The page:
In Japanese landscape gardening the word shakkei means “borrowed view.” The designer “borrows,” or incorporates, any view beyond property borders, thereby visually enlarging his own property and landscape.
In tough times of winter and darkness, cold and wind and discouragement, borrowed words have brought me (and perhaps you too) much warmth and comfort. Even brought occasional enlargement of spirit.
So I offer you a few more words while it’s still winter, borrowed from an extraordinary actress, author and playwright perhaps ahead of her time, which was the first half of the twentieth century. Alice Childress, a black dramatist of originality and talent, may still be ahead of her time, as these words of hers testify:
“Life is just a short walk from the cradle to the grave, and it sure behooves us to be kind to one another along the way.”
What, in our age of intense inequality, selfishness, greed, and competition, could seem more irrelevant than kindness? And yet what can be more needful? Henry James, who died in 1916 (coincidentally, the year Alice Childress was born), said it before her:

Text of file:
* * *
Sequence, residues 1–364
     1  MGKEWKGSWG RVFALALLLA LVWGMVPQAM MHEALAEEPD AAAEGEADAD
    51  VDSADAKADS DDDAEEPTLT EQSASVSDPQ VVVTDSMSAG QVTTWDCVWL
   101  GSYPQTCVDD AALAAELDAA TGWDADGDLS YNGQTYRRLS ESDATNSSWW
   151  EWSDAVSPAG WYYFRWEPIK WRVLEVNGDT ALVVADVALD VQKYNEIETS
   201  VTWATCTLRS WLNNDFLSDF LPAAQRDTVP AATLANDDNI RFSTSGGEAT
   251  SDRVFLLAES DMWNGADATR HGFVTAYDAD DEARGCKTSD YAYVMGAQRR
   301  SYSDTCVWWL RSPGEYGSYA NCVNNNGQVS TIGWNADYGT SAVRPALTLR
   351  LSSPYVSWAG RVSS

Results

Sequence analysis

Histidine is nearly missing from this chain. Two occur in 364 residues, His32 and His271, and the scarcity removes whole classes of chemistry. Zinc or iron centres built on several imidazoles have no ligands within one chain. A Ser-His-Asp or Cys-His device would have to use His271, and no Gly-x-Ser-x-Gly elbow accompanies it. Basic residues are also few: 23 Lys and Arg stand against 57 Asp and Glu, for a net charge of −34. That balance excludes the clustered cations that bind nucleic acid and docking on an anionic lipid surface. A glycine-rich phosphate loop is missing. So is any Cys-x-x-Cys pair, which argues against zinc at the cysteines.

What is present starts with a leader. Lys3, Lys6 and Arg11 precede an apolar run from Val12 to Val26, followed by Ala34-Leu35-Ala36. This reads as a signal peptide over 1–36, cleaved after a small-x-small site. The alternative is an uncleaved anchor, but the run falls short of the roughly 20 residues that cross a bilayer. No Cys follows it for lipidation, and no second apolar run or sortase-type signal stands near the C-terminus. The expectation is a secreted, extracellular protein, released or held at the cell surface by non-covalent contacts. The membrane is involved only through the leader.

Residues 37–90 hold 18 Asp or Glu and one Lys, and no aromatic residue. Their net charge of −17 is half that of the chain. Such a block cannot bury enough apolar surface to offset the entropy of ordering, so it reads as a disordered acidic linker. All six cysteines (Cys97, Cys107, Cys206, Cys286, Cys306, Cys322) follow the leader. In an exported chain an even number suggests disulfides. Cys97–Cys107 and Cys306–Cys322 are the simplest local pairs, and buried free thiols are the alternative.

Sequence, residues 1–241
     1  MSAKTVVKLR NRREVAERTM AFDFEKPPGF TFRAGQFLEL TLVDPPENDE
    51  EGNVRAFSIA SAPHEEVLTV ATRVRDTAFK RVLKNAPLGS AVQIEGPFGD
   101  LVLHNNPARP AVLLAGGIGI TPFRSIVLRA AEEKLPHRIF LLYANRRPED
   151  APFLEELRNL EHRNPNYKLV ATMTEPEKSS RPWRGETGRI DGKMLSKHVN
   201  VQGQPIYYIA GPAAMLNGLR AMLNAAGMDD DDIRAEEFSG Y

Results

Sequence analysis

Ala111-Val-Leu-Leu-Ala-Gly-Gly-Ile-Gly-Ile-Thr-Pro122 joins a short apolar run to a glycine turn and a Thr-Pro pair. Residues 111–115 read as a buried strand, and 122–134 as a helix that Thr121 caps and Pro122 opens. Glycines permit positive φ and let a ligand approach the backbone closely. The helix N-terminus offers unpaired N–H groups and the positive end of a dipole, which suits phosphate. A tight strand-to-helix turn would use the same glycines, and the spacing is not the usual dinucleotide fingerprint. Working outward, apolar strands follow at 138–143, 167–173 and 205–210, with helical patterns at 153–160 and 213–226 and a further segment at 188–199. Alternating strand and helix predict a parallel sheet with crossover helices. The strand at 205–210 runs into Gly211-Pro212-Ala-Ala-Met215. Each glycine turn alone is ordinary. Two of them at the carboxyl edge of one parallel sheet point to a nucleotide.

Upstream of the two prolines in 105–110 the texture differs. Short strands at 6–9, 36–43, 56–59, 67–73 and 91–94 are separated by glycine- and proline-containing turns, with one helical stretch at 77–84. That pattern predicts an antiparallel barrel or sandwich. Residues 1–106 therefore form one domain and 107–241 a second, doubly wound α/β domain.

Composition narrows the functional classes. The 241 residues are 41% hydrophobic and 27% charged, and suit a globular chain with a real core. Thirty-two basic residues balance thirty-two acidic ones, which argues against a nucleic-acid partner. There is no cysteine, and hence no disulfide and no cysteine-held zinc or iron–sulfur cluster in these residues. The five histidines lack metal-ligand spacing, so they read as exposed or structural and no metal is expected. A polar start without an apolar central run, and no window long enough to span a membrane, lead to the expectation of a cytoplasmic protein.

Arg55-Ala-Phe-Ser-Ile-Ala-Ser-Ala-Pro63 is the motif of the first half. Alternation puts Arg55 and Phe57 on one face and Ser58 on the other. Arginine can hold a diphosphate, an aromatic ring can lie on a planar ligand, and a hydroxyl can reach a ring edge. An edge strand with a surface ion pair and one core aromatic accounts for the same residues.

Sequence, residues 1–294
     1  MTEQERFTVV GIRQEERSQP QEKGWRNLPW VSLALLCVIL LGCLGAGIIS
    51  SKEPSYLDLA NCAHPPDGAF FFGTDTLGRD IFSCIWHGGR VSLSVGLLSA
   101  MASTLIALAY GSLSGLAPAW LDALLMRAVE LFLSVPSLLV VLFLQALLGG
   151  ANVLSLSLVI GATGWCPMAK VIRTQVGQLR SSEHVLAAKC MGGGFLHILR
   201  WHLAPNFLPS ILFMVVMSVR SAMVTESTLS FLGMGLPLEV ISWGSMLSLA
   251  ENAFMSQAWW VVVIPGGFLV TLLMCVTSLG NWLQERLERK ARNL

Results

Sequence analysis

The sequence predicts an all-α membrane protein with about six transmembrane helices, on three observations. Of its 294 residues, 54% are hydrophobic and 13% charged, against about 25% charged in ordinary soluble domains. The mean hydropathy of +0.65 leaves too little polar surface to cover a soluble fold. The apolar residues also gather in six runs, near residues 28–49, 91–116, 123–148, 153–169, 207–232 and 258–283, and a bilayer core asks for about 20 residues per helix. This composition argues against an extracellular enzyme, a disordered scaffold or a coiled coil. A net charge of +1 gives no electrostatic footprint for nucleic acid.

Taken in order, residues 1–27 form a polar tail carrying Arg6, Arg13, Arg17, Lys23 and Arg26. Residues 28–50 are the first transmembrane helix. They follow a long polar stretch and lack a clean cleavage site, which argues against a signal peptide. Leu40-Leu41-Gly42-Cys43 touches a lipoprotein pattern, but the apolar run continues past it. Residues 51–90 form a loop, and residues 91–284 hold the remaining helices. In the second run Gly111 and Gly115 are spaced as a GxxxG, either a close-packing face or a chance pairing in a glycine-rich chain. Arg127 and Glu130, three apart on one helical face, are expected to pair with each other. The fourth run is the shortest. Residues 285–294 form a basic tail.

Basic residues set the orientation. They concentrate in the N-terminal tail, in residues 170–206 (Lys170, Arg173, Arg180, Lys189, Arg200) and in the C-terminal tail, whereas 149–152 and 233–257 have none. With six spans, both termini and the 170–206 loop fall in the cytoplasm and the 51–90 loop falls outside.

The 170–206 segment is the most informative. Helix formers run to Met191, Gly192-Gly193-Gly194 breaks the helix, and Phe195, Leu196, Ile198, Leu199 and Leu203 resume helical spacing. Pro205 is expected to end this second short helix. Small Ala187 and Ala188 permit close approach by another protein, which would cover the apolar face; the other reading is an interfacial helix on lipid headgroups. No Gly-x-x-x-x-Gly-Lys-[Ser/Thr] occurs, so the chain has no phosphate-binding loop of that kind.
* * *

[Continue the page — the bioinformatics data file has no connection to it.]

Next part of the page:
“Three things in human life are important. The first is to be kind. The second is to be kind. And the third is to be kind.”
So it’s not a modern idea, not at all. It’s a very very old one. Perhaps it’s always been regarded, as it seems to be today, as quaint, old-fashioned, and out of date. But as an ideal, it’s had a long run. Meet Guan Yin:
Guan Yin, or Kwan Yin, is thousands of years old. In Buddhism she (or sometimes he) is known as the Goddess of Mercy, or the bodhisattva of compassion. Sometimes you will find her seated and holding a phial containing balm with which to anoint the suffering. There are no words spoken. The gesture of compassion toward all creatures speaks for itself.
I wish for all of us brightness and warmth and the kindness of others — I think that is the key that unlocks the kindness waiting within ourselves.